The lands and waters of the Ile d’Orleans defined the existence the first French settlers as well as that of the Native Americans. New Orleans is where it is for one main reason, the Bayou St. John. Today, the bayou is a picturesque waterway gracing Mid-City and gently winding north along City Park’s eastern border to the Lake. In the late 1600’s, however, it was a major thoroughfare for natives and settlers alike. Now a recreational spot, where one can find, on any given day, a few fishermen along its banks, or some rowing shells manned by teams of vigorous youths, and occasionally, a small boat or pirogue being used to pass a sunny afternoon. The Bayou starts (or ends) at the base of Jefferson Davis Parkway and Lafitte St., three blocks north of Canal Street, If one follows St. Louis and Lafitte Streets towards the French Quarter, one trails along a cement canal and the railroad tracks that mark the path of the Old Basin or (originally) the Carondelet Canal. A few blocks north of Lafitte St. is the present day corridor of Esplanade Ave. Hard by the avenue is a street with the wonderful name of the Grand Route St. John. The Grand Route crosses Esplanade twice; west to east (uptown to downtown) about four blocks from the bayou, and then back again (downtown to uptown) several blocks further south. After the second crossing, it becomes Bayou Road down to Claiborne Ave., where it merges and becomes Gov. Nicholls through the Tremé fauberg and into the Quarter. These winding streets roughly mark the path of the Indian portage discovered by the Le Moyne brothers in 1699. There are many stories about this episode in the histories of New Orleans. Most of them relate that the brothers Le Moyne were shown the portage by a Choctaw a few days after their arrival at Pointe du Mardi Gras. In 1699, but as has been shown, the Choctaw country was far to the north of the river’s mouth, and it seemed strange to this writer that such a far-away native would be around to use the portage. The mystery was settled by Ms. Edna Frieberg in her 1980 work on colonial Bayou St. John (Freiberg, Edna B. Bayou St. John in Colonial Louisiana. 1980). Herein she makes it clear that Iberville’s party had encountered a hunting party of Bayougoula Indians a few miles upstream from their first campsite at Bayou Mardi Gras. It was a guide from this party that “ led him (Iberville) six leagues above the campsite where the Native pointed out the river-end of a portage path which he said led back to where the French had anchored their ships (Ship Island)” (Ibid. p.13). The portage, about 2 miles long, became the raison d’etre (the main reason) for the City of New Orleans. It was a quick connection from the river to Lake Pontchartrain and then out to the Gulf. From Bienville’s point of view (he had taken over administration of the colony upon his brother’s early demise in 1706), the establishment of the city on the river was for the purpose of controlling the river and securing it against the British and Spanish colonial powers. However, the first high ground above the mouth of the river, and the logical place to put a city would be about 200 miles upriver, where Baton Rouge is today. In the viewpoint of French colonial policy. seeking control of the mouth of the river, this was much too far from the river’s mouth to exert any reasonable control. Bienville’s problem in establishing a post downriver from Baton Rouge was the land south of Bayou Manchac. Here was a natural levee along the river backed by swamps stretching as far as one can see, a spongy no-man’s land that was not fit to hold a post. Further complicating the placement of a suitable stronghold were the endless twists and turns of the river. At the present day town of White Castle, the Mississippi makes one of its incessant loops and essentially turns eastward for the rest of its route to the Gulf. Now, instead of an east bank and a west bank, the river in real terms has north and south banks (although, for simplicity’s sake, the banks retain the titles East and West). From here to the Gulf, the north side becomes a marsh between river and lake(s), especially as it comes closer to New Orleans. Behind the natural levee on the West Bank (the south side), the land is virtually all marsh down to the Gulf of Mexico. Through these natural levees, the river occasionally cut a channel to help distribute the flow from the huge river system into the delta lands and the Gulf. These “dis-tributaries” carried the sand, clay, and silt, the trees and other flotsam that built up the delta into what is today south Louisiana. These distributaries also give Louisiana another of it’s nicknames, “The Bayou State”. Below Baton Rouge, the Mississippi punched the crevasses which became the Bayous Manchac, LaFourche, Trepagnier, Tchoupitoulas, Seignette, Bienvenue, and Sauvage (as well as many others). Bayou Manchac connected the Mississippi to the Amite River and then on to Lake Maurepas. Bayou Lafourche, of course, created Louisiana between the Mississippi and the Atchafalaya Swamp. Trepagnier, west of New Orleans, and Bienvenue to the east drained the delta into Lakes Pontchartrain and Borgne. Seignette gave us Jefferson Parish. But it was the Tchoupitoulas/Sauvage Bayou that created the land that would become New Orleans.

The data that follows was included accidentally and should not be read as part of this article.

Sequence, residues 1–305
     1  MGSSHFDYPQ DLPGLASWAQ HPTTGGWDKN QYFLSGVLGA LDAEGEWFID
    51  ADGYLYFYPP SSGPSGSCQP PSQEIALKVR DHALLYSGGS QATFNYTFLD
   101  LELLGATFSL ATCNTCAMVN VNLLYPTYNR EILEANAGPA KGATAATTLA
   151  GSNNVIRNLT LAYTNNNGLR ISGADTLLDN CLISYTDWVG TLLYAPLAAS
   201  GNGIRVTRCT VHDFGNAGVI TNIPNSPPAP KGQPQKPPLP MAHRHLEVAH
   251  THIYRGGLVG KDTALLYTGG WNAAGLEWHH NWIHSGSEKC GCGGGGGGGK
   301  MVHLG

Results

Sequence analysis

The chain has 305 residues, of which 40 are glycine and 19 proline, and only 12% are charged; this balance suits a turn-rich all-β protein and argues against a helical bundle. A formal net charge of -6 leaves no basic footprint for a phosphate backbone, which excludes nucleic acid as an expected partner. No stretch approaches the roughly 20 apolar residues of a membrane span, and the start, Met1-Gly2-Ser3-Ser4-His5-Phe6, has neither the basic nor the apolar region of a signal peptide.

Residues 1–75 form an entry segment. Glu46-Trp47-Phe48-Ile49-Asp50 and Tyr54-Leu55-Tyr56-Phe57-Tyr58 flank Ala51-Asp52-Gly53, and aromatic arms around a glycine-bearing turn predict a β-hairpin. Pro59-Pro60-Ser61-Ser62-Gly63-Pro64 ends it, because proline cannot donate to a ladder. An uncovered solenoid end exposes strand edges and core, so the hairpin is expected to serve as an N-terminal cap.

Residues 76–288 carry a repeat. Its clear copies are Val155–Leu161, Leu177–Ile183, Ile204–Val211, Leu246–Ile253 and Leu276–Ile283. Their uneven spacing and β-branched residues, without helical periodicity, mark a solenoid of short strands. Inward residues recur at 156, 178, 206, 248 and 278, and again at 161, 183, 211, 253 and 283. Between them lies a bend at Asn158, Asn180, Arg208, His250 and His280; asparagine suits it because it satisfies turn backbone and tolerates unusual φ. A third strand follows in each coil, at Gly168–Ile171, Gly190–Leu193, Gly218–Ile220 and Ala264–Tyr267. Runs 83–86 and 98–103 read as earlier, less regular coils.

To be continued and finished within 2 weeks. Meanwhile, if you care to learn more about the Natives of SE Louisiana, check out the podcasts, or Tripods, offered by WWNO radio, 89.9 FM commemorating the New Orleans Tricentennial. The final episode in the series is specifically about and by Louisiana Natives and the descendants of the people of Brubancha. It makes for great listening. The Tripod podcasts can be accessed at